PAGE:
Given how carefully he phrased his 2015 submission, it is unlikely that Chapman made it on the basis of a personal commitment to deregulation. Nevertheless, it would seem that he could see through to a way in which fee levels could be differentiated using price and yet avoid the kind of bad economics that informed the banding. Presumably this is because the universities themselves would be making decisions about prices rather than prices being imposed on them. If they wanted to push prices for their degrees higher to manipulate perceptions about their value then they would forfeit subsidy. Of course, with that subsidy in constant decline, the effectiveness of this lever could well diminish over time.

Ahead of the announcement of the revised higher education platform with this year’s budget, there were rumours that Birmingham might adopt Chapman and Phillip’s soft caps [paywall] model. Instead we received the ‘options paper’, Driving Innovation, effectively a wish-list of measures that a Coalition Government could act on if it is returned in July’s election. The headline changes and reforms on the table are:
•    the deregulation of fees in up to 20% of undergraduate programs under the moniker of ‘Flagship Courses’ (that is, for courses that answer to the campaign-devised slogans around ‘innovation’);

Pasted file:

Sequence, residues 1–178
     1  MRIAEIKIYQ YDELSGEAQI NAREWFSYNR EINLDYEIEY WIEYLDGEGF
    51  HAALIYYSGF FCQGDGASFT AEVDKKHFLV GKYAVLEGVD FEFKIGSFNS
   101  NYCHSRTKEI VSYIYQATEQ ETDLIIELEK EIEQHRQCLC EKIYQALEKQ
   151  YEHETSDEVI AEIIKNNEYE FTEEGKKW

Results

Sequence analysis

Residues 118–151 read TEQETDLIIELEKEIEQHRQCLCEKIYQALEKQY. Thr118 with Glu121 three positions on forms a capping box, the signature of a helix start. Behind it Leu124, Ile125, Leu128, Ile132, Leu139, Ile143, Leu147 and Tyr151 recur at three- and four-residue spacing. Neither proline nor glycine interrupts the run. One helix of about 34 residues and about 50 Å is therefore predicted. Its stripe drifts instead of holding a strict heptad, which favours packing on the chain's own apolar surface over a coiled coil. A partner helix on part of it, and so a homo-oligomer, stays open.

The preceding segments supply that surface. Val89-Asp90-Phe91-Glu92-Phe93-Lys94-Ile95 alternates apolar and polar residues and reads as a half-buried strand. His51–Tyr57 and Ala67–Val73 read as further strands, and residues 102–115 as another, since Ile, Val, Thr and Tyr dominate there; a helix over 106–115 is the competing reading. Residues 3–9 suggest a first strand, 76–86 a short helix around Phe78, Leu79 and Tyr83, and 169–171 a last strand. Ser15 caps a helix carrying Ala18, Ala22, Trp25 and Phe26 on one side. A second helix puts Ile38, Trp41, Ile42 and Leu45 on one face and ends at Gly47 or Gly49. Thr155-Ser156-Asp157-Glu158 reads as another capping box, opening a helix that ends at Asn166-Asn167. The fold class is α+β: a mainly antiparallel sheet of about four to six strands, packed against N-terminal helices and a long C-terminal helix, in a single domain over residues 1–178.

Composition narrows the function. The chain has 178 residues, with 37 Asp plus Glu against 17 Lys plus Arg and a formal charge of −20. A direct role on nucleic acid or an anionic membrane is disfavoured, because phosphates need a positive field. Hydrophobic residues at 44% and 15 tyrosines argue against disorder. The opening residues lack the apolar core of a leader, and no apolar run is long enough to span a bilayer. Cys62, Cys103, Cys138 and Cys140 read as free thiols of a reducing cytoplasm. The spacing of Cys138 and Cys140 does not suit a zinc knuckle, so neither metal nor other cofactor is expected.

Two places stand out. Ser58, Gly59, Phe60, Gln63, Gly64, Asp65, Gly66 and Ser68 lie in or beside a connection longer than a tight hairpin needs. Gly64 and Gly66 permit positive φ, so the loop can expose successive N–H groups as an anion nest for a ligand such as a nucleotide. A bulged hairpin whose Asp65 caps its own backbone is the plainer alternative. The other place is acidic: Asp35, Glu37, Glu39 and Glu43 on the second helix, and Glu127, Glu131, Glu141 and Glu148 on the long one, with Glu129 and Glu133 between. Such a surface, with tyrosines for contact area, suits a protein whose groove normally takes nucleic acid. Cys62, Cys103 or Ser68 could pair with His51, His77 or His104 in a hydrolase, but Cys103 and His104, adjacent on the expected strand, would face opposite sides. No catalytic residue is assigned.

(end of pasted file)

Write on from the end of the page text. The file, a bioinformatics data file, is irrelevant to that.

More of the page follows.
•    the possibility of extending government subsidies to all registered providers (including private for-profit);
•    the reduction of direct subsidy to universities for undergraduate education by 20% (the same as the cut proposed in the 2014 budget);
•    an increase of student fees of 8%, bringing the level of private contribution up to 50% of the total cost;
•    the introduction of loan fees of up to 20% to recoup that so-called unpaid debt (Pyne described loan fees as ‘punitive’ in a speech in 2014);
•    reducing the threshold for repayments from current levels of $54,000 to $42,000 (taking it in the direction of annual minimum wage of around $30,000/year);
•    disallowing retirees from accessing HELP loans;
•    introducing a household income test for HELP repayments;
•    the recovery of ‘debt’ from deceased estates.

Collectively, these proposals are drastic and unprecedented. If enacted, they would, in effect, wipe out all the insurance mechanisms and guarantors of public interest that were put into place in 1989 to make the introduction of HECS palatable. Every single principle is breached: no loan fees; restrictions on loans for courses at public institutions; contingency threshold at annual average earnings; and the state as the major investor in a student’s education. Where loans are not recouped from individuals, the state will smoke it out of their families, sooner or later.